|Publication number||US4348640 A|
|Application number||US 06/190,682|
|Publication date||Sep 7, 1982|
|Filing date||Sep 25, 1980|
|Priority date||Sep 25, 1980|
|Publication number||06190682, 190682, US 4348640 A, US 4348640A, US-A-4348640, US4348640 A, US4348640A|
|Inventors||Steven J. Clendening|
|Original Assignee||Rockwell International Corporation|
|Export Citation||BiBTeX, EndNote, RefMan|
|Patent Citations (6), Referenced by (30), Classifications (8), Legal Events (1)|
|External Links: USPTO, USPTO Assignment, Espacenet|
The invention relates to digital clock dividers.
The present invention arose in conjunction with the development of a multiplexer wherein three digital streams were multiplexed together onto a single high speed line. At the demultiplexed end, a synchronous one-third rate clock was needed to demultiplex the high speed data into three streams at one-third the high speed rate. The high speed clock was symmetric, and the divide by three divider circuit also had to have a symmetric output. That is, the output had to have a 50% duty cycle, with the output clock signal having a high state 50% of the time, and a low state the remaining 50% of the time.
Divide by three digital clock dividers are known, but do not have a symmetric output. One alternative is to generate a signal of twice the clock rate frequency and then perform a divide by six operation. This alternative is objectionable however because it requires too much hardware and logic operation, particularly at the higher, doubled rate. Another alternative is the use of a phase locked loop operating at one-third the fundamental frequency of the clock. This is basically an analog technique, however, and would require a large amount of hardware.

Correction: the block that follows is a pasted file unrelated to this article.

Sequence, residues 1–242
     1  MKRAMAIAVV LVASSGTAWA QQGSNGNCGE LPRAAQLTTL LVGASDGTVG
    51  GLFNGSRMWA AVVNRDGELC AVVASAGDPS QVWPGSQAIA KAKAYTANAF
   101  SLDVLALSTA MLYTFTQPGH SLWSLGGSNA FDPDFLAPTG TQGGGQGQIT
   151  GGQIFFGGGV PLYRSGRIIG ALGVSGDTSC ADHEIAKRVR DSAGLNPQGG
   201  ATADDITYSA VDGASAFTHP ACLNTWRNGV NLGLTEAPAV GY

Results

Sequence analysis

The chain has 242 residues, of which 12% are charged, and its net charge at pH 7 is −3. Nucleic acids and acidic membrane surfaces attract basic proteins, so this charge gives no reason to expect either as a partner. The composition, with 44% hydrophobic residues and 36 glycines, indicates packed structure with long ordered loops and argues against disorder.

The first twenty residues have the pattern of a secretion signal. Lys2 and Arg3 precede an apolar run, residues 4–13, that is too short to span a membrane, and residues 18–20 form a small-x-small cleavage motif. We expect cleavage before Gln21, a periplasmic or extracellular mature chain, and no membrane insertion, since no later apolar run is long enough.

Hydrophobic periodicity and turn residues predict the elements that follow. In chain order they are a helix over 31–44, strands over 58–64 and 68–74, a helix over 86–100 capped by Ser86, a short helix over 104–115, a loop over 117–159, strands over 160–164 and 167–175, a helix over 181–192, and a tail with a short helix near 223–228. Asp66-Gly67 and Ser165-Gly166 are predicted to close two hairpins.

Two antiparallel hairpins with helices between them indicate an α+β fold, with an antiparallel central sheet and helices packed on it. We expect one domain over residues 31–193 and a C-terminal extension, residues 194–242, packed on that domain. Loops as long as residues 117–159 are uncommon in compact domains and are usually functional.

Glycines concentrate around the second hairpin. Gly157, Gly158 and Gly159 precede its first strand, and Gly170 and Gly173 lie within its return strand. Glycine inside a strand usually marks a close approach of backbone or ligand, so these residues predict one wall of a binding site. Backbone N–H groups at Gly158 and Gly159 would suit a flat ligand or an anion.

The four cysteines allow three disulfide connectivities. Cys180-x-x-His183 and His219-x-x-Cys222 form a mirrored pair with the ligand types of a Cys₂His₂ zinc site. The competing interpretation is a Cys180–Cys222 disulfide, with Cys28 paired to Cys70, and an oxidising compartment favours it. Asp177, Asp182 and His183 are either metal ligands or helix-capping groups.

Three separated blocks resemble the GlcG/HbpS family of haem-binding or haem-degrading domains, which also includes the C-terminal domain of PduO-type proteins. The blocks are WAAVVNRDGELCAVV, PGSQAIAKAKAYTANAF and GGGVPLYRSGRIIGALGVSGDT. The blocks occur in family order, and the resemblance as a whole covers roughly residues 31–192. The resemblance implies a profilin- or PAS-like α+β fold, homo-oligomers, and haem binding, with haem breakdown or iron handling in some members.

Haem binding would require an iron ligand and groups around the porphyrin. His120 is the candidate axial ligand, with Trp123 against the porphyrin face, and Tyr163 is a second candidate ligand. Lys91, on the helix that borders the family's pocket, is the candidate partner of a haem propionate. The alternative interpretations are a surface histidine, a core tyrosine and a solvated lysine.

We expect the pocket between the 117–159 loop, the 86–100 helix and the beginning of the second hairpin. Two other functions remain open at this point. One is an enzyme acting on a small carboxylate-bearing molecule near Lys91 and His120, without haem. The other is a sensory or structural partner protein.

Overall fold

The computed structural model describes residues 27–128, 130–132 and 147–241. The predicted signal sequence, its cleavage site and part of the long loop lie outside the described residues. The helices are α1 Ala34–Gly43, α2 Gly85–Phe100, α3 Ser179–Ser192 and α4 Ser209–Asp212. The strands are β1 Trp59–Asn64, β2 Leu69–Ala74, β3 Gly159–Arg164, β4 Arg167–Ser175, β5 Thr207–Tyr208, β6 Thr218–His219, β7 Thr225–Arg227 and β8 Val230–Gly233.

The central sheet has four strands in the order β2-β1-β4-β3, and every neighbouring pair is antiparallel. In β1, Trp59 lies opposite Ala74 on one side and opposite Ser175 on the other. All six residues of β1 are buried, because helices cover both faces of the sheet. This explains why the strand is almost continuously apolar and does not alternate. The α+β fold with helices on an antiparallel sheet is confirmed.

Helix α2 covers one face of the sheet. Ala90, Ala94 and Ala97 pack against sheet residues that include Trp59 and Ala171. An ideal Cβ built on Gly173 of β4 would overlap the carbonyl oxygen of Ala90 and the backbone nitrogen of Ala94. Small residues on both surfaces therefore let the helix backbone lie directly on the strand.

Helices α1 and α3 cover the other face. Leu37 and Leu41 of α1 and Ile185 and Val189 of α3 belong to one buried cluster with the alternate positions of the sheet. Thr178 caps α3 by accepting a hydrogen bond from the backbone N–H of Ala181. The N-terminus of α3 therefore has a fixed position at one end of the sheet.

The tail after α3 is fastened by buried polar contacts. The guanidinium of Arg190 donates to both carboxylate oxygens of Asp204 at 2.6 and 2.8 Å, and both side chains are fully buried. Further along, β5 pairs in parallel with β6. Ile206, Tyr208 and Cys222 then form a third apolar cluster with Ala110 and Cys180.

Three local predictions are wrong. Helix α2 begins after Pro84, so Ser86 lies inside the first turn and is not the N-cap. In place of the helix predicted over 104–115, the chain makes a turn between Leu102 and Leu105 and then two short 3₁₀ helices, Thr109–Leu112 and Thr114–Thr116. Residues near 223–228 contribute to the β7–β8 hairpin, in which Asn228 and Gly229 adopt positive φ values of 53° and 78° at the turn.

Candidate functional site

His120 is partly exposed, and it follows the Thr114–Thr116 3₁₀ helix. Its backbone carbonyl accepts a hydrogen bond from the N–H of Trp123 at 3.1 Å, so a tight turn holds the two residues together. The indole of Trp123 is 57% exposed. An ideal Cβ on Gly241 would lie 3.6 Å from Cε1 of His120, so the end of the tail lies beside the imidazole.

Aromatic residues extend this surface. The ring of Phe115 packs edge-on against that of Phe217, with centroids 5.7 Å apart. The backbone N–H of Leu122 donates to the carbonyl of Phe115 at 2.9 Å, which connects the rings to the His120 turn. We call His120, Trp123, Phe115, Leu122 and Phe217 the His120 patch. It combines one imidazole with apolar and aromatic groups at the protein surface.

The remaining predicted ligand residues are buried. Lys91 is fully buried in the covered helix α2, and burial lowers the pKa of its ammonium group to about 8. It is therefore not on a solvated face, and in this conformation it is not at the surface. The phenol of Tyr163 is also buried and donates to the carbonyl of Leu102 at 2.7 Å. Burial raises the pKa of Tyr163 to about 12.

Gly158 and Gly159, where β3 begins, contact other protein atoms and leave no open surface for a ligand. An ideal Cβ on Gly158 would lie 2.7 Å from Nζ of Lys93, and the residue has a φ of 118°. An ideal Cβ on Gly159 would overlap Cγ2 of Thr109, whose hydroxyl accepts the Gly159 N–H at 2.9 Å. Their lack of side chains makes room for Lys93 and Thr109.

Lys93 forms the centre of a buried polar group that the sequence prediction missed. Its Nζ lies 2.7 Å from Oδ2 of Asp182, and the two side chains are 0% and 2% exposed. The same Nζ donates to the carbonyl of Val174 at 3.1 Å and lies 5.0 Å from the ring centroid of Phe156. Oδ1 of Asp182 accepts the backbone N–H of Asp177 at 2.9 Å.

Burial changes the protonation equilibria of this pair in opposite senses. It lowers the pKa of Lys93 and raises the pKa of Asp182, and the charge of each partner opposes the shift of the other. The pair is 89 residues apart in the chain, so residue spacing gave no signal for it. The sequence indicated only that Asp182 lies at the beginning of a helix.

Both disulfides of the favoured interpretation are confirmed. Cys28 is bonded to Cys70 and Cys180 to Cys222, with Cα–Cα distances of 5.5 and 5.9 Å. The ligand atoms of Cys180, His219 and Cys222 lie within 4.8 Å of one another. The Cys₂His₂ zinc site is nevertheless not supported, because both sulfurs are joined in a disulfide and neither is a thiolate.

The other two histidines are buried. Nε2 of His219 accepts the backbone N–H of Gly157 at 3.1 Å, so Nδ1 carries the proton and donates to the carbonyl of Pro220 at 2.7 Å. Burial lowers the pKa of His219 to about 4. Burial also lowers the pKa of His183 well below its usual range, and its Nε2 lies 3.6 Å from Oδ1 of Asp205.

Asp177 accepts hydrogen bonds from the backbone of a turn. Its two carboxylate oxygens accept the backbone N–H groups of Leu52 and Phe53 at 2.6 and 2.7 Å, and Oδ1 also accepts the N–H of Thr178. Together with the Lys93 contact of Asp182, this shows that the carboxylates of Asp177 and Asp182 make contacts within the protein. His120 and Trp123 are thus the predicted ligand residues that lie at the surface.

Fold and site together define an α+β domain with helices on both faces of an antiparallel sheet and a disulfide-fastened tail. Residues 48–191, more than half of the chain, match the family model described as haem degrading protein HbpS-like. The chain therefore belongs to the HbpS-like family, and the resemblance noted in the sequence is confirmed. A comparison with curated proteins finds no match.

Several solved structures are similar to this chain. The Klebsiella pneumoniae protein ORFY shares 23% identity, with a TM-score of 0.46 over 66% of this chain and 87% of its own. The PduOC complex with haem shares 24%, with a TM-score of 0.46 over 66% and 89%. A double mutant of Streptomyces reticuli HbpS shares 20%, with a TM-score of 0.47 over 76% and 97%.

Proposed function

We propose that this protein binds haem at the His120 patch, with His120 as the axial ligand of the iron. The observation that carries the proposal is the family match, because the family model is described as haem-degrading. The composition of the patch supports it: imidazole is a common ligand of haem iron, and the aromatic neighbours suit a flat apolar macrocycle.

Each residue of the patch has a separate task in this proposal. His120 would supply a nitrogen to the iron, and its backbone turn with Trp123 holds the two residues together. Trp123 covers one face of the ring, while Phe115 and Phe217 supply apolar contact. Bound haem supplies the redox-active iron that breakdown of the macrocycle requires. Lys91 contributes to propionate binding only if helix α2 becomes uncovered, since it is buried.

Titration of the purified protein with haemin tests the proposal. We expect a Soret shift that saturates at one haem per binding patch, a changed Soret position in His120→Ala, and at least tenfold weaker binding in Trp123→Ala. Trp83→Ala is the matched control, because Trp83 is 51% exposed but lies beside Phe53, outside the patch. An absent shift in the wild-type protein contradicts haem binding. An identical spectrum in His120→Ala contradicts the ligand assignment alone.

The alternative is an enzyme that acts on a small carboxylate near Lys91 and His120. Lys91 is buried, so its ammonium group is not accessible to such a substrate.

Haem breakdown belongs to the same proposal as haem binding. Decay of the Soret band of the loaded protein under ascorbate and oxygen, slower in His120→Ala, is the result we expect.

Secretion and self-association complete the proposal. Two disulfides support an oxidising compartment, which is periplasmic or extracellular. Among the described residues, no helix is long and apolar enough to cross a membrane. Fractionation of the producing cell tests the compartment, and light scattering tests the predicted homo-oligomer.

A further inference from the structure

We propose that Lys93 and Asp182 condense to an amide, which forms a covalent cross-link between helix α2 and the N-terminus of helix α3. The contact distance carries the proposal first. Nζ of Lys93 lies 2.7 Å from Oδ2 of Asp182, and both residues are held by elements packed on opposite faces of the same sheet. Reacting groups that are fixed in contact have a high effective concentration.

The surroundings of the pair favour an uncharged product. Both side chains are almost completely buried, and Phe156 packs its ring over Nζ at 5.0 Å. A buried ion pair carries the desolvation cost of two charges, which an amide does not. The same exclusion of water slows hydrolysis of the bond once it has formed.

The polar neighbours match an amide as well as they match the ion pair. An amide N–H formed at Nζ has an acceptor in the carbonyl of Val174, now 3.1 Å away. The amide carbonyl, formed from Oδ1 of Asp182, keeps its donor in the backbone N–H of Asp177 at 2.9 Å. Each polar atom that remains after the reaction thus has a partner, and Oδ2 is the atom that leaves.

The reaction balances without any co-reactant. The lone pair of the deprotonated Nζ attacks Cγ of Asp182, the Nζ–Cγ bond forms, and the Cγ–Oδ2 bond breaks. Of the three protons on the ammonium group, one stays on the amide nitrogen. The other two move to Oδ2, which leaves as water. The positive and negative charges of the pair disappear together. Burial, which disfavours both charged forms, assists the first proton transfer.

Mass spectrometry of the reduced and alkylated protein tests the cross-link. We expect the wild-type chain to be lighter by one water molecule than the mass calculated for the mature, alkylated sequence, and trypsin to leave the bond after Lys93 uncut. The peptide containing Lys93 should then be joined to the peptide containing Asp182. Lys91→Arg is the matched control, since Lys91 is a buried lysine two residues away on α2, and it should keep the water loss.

The present invention provides an all digital clock divider circuit which receives clock pulses of frequency F, divides by three, and outputs symmetrical pulses of frequency 1/3F. A divide by one and one-half circuit clocks a divide by two flip-flop resulting in a symmetrical divide by three output.
The divide by one and one-half circuit receives clock pulses of frequency F and generates a plurality of staggered nonsymmetrical pulses of frequency 1/3F, each having a duty cycle of 33%. The clock pulses are gated against two of the staggered pulse streams to provide a pulse stream with frequency 2/3F. This pulse stream clocks a divide by two flip-flop which outputs symmetrical pulses of frequency 1/3F.
FIG. 1 is a circuit diagram of a divider circuit constructed in accordance with the invention.
FIG. 2 is a truth table for a JK flip-flop.
FIG. 3 is a timing diagram illustrating operation of the circuit of FIG. 1.
FIG. 1 shows a divide by three digital clock divider circuit 10 providing a symmetrical output. Circuit 10 includes a divide by one and one-half circuit 12, and divide by two means 14. Circuit 12 receives symmetrical input clock pulses of frequency F at input 16 and reduces or divides the rate thereof by one and one-half to yield a pulse stream of frequency 2/3F at output 18. Divide by two means 14 is preferably a type D flip-flop 20 clocked by the signal on line 18, with its Q output fed back on line 22 to its D input. The Q output on line 24 provides symmetrical pulses of frequency 1/3F.
Divide by one and one-half circuit 12 includes a pair of JK flip-flops 26 and 28, each of which is clocked at its C input by the clock pulses of frequency F from input 16. The Q output of flip-flop 26 is connected to the J input of flip-flop 28, and the Q output of flip-flop 28 is connected via return line 30 to the J input of flip-flop 26. The K input of each flip-flop is tied low.